25 March, 2009

The Good Life. Part 1.

I guess you who check out my Flickr stream and other online indicators of life know that I've moved out of the city to a tiny place about fifty miles out, on the bank of the Murray river. (Yep, there's a Murray river in Western Australia too, not just the Murray over east which is under stress.)  More recent peeks into the murky stream of my life may have revealed that besides my cat Ghostie, there has been a dwarf holland lop rabbit named Peta Rabbit, aka BimBomBunney. And more recently, a friend who bought a rabbit for christmas passed him on to Trish, who kept him for a while and then passed him on to me, so I now have a rabbit couple.

Also, as soon as the weather permitted me with my wheezy lungs to work outside, I've dug garden beds and planted out the first of a bunch of crops.  This is a BIG block, I figure half an acre or so, and my landlord lets me make gardens etc.  With our weather in Australia, and given the trees that shade the place so nicely in summer, it should be possible to put in a fairly steady rotation of crops.  I've placed a fair selection in tubs and pots, because that way they become portable should I start off on the road anytime soon.  What I'd like to achieve is to have as wide a range of foods as I can, and make this as portable as possible.

Anyhow - one of the first things I noticed when I was given Peta was the profusion of "experts" online who were quite happy dictating the exact types of foods and hay and pellets a rabbit was "allowed" to eat, when that rabbit should sleep, when it should eat, shit, etc.  And it got me wondering - who makes sure rabbits do "rabbit" things out in the wild?  Poor things, they must all be killing themselves with eating whatever they decided they needed, when they needed it....

So with Peta it's been trial and error, commonsense, and rabbit sense.  I'd offer a selection of foods, she'd throw aside foods she didn't like, and eat those that she did like.  If a food she liked was too sugary or too salty or too starchy, I'd make sure there was a bit less of it available than the staple foods of hay and pellets and the other vegetables she liked.  I have a happy healthy rabbit, the "experts" (I noticed, reading the forums) have rabbits whose stools go runny or whose digestive tracts block up, or fat obese rabbits that can no longer do all the things rabbits need to do in order to maintain their health.

This is a bit like many diets out there.  They dictate almost to the species of lettuce you're "allowed," the quantity to the nearest milligram, and so forth.  It's a bit like painting by numbers, you end up with a picture, but it may just not be a picture of health.  Commonsense.  It is to our diets what rabbit sense is to rabbits' diets. You already know that a fast food burger is bad for you.  You're aware that a couple of serves of fresh vegetables a day and a few pieces of fruit are good for you.  And I daresay most people try to do the right thing, which is why a strictly laid-down diet is counter-productive.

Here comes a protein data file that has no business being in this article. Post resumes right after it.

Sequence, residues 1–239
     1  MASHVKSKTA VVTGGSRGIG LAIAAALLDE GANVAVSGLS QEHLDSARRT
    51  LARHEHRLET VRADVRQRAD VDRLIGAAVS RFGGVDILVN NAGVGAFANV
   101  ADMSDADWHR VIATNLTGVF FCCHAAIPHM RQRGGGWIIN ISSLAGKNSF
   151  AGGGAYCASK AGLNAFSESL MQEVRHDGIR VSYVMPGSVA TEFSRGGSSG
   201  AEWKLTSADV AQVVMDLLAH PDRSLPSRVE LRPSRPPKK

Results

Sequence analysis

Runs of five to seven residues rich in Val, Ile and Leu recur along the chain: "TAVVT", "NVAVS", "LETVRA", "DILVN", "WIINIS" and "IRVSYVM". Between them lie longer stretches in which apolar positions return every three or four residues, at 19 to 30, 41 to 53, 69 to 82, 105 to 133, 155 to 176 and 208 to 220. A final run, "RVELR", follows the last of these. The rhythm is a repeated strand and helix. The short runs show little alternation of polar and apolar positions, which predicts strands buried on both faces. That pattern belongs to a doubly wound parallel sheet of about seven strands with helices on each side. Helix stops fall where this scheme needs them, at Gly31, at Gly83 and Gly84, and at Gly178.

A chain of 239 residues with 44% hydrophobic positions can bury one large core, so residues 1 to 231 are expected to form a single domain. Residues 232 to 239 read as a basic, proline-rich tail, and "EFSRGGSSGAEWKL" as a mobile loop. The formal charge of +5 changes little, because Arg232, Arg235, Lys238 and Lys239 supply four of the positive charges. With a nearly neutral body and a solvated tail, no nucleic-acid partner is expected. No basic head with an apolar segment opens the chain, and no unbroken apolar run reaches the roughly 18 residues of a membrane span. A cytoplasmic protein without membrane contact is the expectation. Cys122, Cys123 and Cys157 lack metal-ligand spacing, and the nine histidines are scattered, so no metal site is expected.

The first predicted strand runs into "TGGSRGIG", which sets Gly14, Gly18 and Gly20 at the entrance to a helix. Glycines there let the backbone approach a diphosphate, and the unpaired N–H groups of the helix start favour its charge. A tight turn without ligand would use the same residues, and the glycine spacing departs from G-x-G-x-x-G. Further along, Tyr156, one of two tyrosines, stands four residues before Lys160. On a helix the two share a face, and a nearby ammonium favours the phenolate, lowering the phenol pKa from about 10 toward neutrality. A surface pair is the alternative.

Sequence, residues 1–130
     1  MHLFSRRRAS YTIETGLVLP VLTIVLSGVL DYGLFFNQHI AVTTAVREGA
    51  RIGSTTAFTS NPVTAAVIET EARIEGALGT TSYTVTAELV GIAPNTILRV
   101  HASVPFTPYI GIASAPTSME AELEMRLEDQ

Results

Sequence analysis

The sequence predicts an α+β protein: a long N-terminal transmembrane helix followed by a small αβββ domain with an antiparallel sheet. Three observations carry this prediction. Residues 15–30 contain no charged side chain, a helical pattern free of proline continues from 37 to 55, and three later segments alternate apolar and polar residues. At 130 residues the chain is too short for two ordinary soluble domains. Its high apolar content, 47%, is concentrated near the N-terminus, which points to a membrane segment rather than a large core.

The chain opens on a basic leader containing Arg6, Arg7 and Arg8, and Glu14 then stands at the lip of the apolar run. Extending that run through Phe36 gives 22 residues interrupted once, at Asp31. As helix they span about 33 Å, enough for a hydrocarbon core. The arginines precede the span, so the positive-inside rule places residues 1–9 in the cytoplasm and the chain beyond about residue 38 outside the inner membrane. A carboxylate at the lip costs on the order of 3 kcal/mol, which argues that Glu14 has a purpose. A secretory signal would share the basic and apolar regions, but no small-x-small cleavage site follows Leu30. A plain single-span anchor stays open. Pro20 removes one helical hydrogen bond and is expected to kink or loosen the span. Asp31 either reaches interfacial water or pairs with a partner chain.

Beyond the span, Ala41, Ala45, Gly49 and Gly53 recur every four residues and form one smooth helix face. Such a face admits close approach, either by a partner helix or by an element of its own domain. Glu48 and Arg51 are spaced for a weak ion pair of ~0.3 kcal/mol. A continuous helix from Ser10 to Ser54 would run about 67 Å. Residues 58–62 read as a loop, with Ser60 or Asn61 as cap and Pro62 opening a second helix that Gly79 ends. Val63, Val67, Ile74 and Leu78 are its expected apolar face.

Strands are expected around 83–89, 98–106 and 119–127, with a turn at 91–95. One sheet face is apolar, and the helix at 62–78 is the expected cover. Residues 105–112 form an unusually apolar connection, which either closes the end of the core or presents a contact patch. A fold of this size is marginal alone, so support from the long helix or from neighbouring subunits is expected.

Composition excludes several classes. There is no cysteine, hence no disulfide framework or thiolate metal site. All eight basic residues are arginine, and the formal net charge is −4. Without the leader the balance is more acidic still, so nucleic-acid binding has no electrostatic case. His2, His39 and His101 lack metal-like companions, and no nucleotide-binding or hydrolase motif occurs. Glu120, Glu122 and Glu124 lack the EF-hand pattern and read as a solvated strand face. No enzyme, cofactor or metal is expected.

Also remember that we are fast losing much of the traditional oral lore of food, as foods are more and more put through production processes that make it unlike that same food would have been one hundred years ago.  How many people have ever seen a beetroot that wasn't in a tin and already boiled in standardised water salt and sugar?  There is a large body of myth surrounding modern food, and the manufacturers feed this Fear Uncertainty and Doubt (FUD) by making the truth harder to get to, by giving you "health thermometer" scales on the packaging, by providing lists of ingredients where they deliberately avoid listing the harmful and make the other ingredients as hard to understand as possible.

When I started writing my diet book, I was concerned about my then looming prostate cancer.  As I researched and took the notes that later became my diet book, I was concerned about why I'd been gifted with cancer in the first place, and I was appalled at the things my research uncovered about food practices. You - yes, you reading this - right now have enough toxic material in your kitchen to make yourself very very sick.  And that was what I ended up addressing in the Body Friendly Zen Cookbook more than anything else.  Oh yes - the book has a set of foods that will help reduce cancer cell activity and allow your body to deal with the dysplasic cells - but there's a good helping of that nouveau food lore in there to empower your common sense.

I figure that once you're aware that your average cake mix you're buying for your child's first birthday contains chemicals that cause irritation and blindness, you'll reconsider the cake mix and instead buy flour and sugar and eggs and do it yourself.  Once you know that it's not a nice beefy mince on the tray at the butchers but a platter of meat that's been sprayed with a powerful irritant which is known to cause mucous membrane inflammation, respiratory distress, and may be implicated in bowel and colon cancer, you'll avoid that lovely red-raw-irritated look and pick the darker, naturally aged mince at the better butcher.

Because my research has shown me that food manufacturers don't give a flying fuck what effect they have on your health or the health of the environment, they are only out for profit profit and more profit.  And - and I stress this and can't stress it often or loudly enough - the more a large food conglomerate trumpets about being "healthy" and "natural" the more you can be sure that they totally are NOT being either.

So - take a look at my book, if you can't afford the $15 email me and I'll give you a free full copy of the book.  And follow this blog, put it in your reader list, because I'll keep the food lore flowing.

Visit The Body Friendly Zen Cookbook and help support my work!

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